STATE BY STATE
A trio of candidates have unveiled their newest ads in Iowa, as candidates flood the airwaves in the Hawkeye State with 76 days left until the caucuses, reports CBS News campaign reporter Adam Brewster. Joe Biden's newest ad focuses efforts to expand the Violence Against Women Act. It features a woman at a town hall who became homeless because of domestic violence talking about how she learned of Biden's efforts in fighting for a bill to provide transitional housing.
"Joe Biden became my hero that day because he didn't even know me and he was fighting for me and my son," the woman says. The ad comes after Biden on Monday rolled out a plan to build on the Violence Against Women Act.
Montana Governor Steve Bullock's newest Iowa ad focuses on his promise to empower prosecutors to investigate president Trump if Bullock is elected.
"I won't promise to lock up my opponent," Bullock says. "But as the only Democrat running who won a state Trump won, I will promise this: after I beat Trump, I'll empower prosecutors to follow the evidence all the way to the top."
Finally, former hedge fund manager Tom Steyer, who has spent the most on television ads in Iowa, has a new ad calling for term limits.
"I'm about to say two words that will make Washington insiders very uncomfortable: Term Limits," Steyer says in the ad. "You and I both know we need term limits. That Congress shouldn't be a lifetime appointment. But members of Congress –– and the corporations who've bought our democracy –– hate term limits."
After an hours-long cattle call with Nevada Democrats Sunday night, four candidates — Elizabeth Warren, Kamala Harris, Julián Castro, and Cory Booker — spoke Monday to a "Black Community Summit" in southern Nevada, reports CBS News campaign reporter Alex Tin.
On Tuesday, the political arm of a progressive group in Nevada called out Pete Buttigieg for failing to deliver a surrogate listed on the agenda — national engagement director Hasoni Pratts — to the event. But the event's organizer is taking blame for the no-show, apologizing for "dropping the ball" for a miscommunication despite the Buttigieg campaign's interest in participating in the summit.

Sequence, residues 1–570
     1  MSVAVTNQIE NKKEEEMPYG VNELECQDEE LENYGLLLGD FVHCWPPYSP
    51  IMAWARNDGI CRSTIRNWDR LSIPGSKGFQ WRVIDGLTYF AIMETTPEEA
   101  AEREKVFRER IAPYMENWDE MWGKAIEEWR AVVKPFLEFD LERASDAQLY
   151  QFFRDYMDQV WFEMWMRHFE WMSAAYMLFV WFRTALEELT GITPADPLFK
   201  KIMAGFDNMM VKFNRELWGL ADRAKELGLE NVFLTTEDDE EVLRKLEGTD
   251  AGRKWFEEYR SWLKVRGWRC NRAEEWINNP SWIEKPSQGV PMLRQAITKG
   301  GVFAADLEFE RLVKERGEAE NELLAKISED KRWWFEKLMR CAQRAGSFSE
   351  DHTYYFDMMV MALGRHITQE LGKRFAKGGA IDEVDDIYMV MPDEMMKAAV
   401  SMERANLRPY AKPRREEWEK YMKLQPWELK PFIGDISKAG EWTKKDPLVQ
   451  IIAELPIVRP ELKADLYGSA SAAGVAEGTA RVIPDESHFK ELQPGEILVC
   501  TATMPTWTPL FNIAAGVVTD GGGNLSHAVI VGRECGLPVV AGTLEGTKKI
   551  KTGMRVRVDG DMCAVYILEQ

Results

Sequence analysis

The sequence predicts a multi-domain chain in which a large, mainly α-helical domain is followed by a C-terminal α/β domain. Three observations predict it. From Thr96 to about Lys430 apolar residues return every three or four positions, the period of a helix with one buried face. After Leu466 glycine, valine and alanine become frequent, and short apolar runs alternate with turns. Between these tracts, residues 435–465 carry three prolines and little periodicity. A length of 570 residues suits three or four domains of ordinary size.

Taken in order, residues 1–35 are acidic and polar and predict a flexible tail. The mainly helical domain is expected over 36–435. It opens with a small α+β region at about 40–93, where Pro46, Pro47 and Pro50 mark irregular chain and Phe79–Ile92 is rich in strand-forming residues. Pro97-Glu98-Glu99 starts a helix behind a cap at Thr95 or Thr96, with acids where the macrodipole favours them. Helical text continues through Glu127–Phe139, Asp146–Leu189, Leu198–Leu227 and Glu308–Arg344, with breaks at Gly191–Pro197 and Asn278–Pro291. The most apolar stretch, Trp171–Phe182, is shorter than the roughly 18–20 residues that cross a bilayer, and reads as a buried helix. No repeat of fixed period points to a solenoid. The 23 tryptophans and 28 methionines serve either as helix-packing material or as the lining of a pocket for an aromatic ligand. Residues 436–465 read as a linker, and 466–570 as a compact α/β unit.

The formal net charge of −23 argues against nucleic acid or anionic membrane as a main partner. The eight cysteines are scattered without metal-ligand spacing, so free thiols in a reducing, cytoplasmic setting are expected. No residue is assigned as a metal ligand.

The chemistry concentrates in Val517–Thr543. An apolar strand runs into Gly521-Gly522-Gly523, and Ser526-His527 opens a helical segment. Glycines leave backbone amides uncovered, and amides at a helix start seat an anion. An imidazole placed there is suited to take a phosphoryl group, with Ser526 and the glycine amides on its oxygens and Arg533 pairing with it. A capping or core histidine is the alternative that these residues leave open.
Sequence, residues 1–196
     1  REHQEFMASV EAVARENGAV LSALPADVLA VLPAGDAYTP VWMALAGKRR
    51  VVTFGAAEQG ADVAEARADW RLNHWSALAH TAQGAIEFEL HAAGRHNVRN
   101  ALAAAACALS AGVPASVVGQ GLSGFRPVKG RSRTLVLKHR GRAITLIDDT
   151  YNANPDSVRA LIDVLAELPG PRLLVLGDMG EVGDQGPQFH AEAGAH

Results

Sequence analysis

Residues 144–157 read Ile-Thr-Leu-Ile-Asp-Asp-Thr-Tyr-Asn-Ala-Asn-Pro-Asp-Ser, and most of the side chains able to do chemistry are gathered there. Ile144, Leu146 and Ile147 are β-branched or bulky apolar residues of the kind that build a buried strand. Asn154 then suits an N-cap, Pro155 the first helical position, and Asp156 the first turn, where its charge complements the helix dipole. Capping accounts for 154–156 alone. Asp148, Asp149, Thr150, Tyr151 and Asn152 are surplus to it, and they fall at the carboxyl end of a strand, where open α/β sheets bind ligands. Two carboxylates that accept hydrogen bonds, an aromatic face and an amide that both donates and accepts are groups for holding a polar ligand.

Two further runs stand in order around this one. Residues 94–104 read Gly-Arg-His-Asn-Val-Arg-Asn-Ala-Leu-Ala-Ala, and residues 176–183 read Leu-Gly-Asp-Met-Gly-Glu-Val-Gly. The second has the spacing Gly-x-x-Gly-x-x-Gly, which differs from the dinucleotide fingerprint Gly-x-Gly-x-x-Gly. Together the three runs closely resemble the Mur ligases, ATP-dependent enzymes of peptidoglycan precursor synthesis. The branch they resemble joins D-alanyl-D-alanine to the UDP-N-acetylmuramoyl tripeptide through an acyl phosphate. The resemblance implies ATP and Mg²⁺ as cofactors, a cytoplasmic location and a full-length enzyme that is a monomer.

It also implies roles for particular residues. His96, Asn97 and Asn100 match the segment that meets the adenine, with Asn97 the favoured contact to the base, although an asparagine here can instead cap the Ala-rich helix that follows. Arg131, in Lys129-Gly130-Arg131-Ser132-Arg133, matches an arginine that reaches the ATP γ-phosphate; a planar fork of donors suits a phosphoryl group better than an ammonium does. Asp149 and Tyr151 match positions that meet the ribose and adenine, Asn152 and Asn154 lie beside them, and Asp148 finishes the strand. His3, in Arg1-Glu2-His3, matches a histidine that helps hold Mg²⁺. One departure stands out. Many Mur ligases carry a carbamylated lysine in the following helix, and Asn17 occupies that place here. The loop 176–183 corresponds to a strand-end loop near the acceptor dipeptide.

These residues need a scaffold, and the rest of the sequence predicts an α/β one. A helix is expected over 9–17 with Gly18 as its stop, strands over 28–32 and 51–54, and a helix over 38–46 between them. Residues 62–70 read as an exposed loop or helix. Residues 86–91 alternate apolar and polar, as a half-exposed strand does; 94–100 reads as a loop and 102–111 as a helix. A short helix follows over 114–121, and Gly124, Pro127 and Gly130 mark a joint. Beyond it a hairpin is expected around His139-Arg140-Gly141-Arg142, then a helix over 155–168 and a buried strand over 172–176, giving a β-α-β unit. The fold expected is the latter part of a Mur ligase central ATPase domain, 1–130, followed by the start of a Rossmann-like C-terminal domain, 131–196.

The DNC announced on Tuesday it is making a six-figure investment in voter protection hires in Arizona, Florida, Michigan, Pennsylvania, Ohio, and Wisconsin. The hires were first reported by ABC News. In addition to the staff in states, the DNC has built a national voter resource hub, voter assistance hotline, and is filing voter protection litigation in states.
Watson reports that the committee won a case on Friday in Florida against a law that says GOP candidates must be listed on the ballot first.
Ahead of the fifth Democratic debate, the DNC is hosting several events in Atlanta including voter protection events. On Tuesday, the DNC Civic Engagement and Voter Protection team joined Stacey Abrams for a roundtable on breaking down voter suppression, and DNC chair Tom Perez will headline a Civic Engagement and Voter Protection Summit on Wednesday.
After wins in Louisiana and Kentucky, the Democrat Governors Association is feeling optimistic about their kitchen-table, local messaging approach heading into 2020. CBS News political unit broadcast associate Aaron Navarro reports that a DGA memo says their 2019 approach of straying from the national stage and sticking to state issues like healthcare, education and jobs gives a blueprint to national Democrats "for beating the Trump machine and winning back red-state voters."
Since Donald Trump's election in 2016, the DGA has flipped nine states (New Jersey, Alaska, Illinois, Kansas, Michigan, Maine, Nevada, New Mexico, Wisconsin, Kentucky and Louisiana) from red to blue. This year's races in Mississippi, Louisiana and Kentucky all saw heavy involvement from President Trump through rallies before election days, Tweets and fundraising efforts, though the DGA memo noted that the effort fell short.
"In 2019, we proved that Trump was no silver bullet for Republicans running, even in the reddest of states. We went toe-to-toe with Trump, his rallies, and his political operation and won – twice," the memo states.
The memo also says the DGA will be investing $1 million in North Carolina this week ahead of Governor Roy Cooper's re-election effort in 2020. The 2019 approach from Democrats to focus on state issues like Medicaid expansion and education will be prevalent in North Carolina, where Cooper and state republicans are at an impasse in expanding Medicaid due to a budget standoff.
"People in both Kentucky and Louisiana are electing and re-electing Democratic governors because they are committed to expanding Medicaid and increasing funding for public education. Governor Roy Cooper has fought every day in his administration to help make sure North Carolinians are healthier and better educated," Cooper campaign spokeswoman Liz Doherty told Navarro.